The Court of Appeal agreed with the high court's finding that Section 29 of the Contracts Act 1950 applies only to agreements limiting the time by which a party can enforce its rights as formulated by the parties themselves. In New Zealand Insurance Co Ltd v Ong Choon Lin the disputed matter was regarding a condition in a fire policy which had been issued by the appellant. This condition prevented the respondent from bringing an action for loss or damage after 12 months had passed since the incident. This time limit was imposed by the appellant and was thus not required by statute.
In the case at hand, the condition limiting the period within which an action could be brought for loss or damage arising from the carriage of goods was found in the bill of lading. However, this condition was not inserted in the bill of lading by the parties as is usually the case in other contracts. Instead, the condition was inserted due to Regulations 2 and 4 of the Sarawak Regulations – that is, it was a condition mandated by statute, not by an agreement between the parties to the contract. The Court of Appeal thus held that the limitation period in the bill of lading was not contrary to Section 29 and was therefore valid.
This case involved a contract of carriage for 56 containers of plywood. The plaintiff was the shipper and the defendant was the carrier. Relying on the bill of lading, the plaintiff submitted documents, including the bill of lading, to the negotiating bank for payment pursuant to a letter of credit.
The cargo was neither loaded on board the vessel as stated in the bill of lading, nor discharged at the designated port. Instead, it was discharged at a different port and subsequently transhipped to its destination port on another vessel.
The matter went to arbitration and the plaintiff was ordered to pay compensation. The plaintiff sued the defendant under the tort of deceit, claiming fraudulent misrepresentation in the bill of lading. The defendant applied to have the plaintiff's writ of summons and statement of claim struck out under Ordinance 18, Rule 19(1) of the Rules of the High Court 1980 on the grounds that the claim was time barred under the Hague Rules, as applied in Peninsular Malaysia by the Carriage of Goods by Sea Act 1950. However, the plaintiff submitted that the limitation period under the Hague Rules did not apply, as its action was based on tort, not contract, and the limitation period in the Hague Rules applies only to contractual liabilities.
The high court allowed the defendant's application, holding that the words "all liability" in Article III(6) of the Hague Rules were broad enough to cover the plaintiff's claims.
On appeal, the Court of Appeal ordered the case to proceed to trial, where judgment was entered for the plaintiff. At trial, the high court held that as the defendant had not appealed the Court of Appeal's decision on the issue of limitation, it could not raise the issue again.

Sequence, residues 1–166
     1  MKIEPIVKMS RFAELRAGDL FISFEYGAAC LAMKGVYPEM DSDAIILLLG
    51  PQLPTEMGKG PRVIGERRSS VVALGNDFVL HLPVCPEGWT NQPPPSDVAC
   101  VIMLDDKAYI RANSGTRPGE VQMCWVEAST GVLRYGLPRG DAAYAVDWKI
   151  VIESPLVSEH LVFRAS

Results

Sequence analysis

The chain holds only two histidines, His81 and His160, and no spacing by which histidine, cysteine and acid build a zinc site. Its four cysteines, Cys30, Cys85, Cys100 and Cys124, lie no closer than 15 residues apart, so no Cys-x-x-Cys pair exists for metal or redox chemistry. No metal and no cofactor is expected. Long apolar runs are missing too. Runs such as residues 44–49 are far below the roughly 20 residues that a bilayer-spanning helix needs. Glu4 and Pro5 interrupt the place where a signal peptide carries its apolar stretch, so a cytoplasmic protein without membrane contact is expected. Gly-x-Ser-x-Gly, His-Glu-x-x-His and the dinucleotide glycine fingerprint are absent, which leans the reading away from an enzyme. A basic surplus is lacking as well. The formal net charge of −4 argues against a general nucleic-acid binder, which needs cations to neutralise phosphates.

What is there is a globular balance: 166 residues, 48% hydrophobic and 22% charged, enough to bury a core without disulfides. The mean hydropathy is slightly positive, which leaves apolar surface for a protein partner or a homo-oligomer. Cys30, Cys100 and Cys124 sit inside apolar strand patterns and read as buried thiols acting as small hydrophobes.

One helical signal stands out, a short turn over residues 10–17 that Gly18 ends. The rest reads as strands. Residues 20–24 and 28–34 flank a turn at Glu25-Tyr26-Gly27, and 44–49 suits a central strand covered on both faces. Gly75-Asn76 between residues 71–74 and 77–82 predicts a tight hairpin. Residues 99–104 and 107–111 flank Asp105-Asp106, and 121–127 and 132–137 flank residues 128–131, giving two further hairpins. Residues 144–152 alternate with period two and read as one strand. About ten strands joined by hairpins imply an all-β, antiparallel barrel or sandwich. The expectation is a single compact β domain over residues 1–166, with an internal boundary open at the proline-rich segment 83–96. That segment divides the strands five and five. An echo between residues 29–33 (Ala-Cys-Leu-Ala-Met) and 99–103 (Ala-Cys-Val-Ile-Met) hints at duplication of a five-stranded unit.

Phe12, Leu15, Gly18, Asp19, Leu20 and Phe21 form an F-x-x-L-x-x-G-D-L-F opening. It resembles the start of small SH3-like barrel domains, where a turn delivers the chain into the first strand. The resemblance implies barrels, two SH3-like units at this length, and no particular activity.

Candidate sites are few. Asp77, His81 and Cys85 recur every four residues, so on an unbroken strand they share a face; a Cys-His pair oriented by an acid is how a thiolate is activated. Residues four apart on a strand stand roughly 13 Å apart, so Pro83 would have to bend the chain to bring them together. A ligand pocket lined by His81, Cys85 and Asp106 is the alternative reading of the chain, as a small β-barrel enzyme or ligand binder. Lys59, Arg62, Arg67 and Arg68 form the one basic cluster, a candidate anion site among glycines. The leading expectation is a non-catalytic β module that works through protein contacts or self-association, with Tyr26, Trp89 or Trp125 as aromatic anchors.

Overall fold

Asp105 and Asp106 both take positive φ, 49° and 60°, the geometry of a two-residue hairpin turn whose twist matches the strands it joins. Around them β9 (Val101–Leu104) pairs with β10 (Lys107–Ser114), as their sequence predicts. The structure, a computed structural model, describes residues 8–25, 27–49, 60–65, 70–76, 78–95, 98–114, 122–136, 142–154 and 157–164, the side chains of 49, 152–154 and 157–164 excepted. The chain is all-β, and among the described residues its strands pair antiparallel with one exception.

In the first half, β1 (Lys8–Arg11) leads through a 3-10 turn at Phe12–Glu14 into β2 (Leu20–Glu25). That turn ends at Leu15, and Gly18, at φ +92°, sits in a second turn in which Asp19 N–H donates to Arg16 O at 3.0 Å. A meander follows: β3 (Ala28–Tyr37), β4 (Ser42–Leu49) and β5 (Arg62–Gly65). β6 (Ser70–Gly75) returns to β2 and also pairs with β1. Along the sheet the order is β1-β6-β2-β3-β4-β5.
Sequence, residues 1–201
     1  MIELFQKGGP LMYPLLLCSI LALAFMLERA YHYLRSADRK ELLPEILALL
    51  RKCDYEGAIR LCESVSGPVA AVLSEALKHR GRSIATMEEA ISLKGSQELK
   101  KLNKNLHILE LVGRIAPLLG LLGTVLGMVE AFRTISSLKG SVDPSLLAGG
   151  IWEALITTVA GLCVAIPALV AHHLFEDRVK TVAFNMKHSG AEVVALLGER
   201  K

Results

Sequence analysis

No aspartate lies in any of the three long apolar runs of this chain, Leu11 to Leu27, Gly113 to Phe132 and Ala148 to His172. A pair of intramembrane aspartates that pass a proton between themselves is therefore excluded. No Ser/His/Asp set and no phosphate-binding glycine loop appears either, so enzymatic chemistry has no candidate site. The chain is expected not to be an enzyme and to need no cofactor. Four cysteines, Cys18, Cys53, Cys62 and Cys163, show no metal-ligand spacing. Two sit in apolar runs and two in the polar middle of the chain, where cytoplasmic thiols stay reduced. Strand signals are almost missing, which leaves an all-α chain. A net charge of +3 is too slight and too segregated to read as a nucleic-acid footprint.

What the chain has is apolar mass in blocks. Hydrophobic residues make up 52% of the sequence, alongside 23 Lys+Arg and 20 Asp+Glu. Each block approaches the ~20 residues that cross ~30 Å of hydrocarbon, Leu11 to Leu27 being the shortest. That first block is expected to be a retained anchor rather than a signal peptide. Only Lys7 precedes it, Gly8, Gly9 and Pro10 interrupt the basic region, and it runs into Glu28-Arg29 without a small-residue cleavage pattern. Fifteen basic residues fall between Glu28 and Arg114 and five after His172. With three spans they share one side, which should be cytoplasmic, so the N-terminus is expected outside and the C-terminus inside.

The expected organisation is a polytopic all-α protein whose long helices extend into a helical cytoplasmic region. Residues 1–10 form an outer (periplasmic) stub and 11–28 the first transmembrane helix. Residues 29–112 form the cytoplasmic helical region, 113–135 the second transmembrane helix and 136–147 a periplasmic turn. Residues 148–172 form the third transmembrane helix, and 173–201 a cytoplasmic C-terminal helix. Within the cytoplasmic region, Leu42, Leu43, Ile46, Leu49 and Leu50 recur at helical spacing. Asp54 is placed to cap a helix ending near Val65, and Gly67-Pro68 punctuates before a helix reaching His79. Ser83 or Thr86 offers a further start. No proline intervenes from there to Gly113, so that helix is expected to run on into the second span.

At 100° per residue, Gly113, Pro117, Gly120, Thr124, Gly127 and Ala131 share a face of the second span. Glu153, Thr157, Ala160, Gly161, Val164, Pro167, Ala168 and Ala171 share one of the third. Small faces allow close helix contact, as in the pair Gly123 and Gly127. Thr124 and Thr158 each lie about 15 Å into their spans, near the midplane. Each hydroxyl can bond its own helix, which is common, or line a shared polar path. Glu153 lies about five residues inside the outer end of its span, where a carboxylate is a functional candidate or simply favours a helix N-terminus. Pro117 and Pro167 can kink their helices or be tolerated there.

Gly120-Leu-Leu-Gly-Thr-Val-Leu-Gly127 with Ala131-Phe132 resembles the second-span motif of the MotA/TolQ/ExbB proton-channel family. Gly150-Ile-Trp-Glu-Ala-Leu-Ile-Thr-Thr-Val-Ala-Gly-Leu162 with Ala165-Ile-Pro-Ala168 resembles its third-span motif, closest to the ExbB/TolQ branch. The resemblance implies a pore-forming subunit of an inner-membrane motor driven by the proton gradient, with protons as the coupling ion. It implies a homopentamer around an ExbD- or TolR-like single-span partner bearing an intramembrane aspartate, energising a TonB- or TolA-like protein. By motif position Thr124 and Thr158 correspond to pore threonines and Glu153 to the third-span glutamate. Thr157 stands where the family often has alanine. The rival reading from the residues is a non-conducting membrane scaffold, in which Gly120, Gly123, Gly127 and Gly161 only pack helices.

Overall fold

The defendant appealed the high court's decision. In relation to the issue of limitation, the Court of Appeal held as follows:
"On the facts of the case which is now on appeal before us, we have come to an inescapable conclusion that the issue of estoppel based on limitation has been raised and argued before three forums, ie, the Senior Assistant Registrar, the judge-in-chambers and finally the Court of Appeal. The finality is that, since there was no further appeal the issue of limitation had been determined in the respondent's favour. On that basis, the appellants fail on the first ground."
The plaintiff's claim in Terengganu Forest Products was based on the tort of deceit by virtue of the fraudulent misrepresentation made by the defendant in the bill of lading.
Further, the plaintiff's claim was not for loss or damage of the goods in the course of their being carried by the carrier (the goods had arrived intact). Instead, the loss claimed by the plaintiff was for the total value of the goods, plus the compensation it had to pay to the buyer pursuant to the arbitral award.
The Hague Rules are meant for contracts of carriage, as evidenced by a bill of lading or other similar documents. The provision for limitation in Article III(6) of the rules clearly relates to loss or damage to goods during such carriage. The Court of Appeal's decision in Terengganu Forest Products to overturn the high court's striking out order was purely based on the nature of the plaintiff's cause of action: the tort of deceit.
The Court of Appeal was of the opinion that its decision in Terengganu Forest Products was not binding on other courts and thus the court allowed the first defendant's appeal.
For further information on this topic please contact Rajasingam Gothandapani at Shearn Delamore & Co by telephone (+60 3 2070 0644) or email (firstname.lastname@example.org). The Shearn Delamore & Co website can be accessed at www.shearndelamore.com.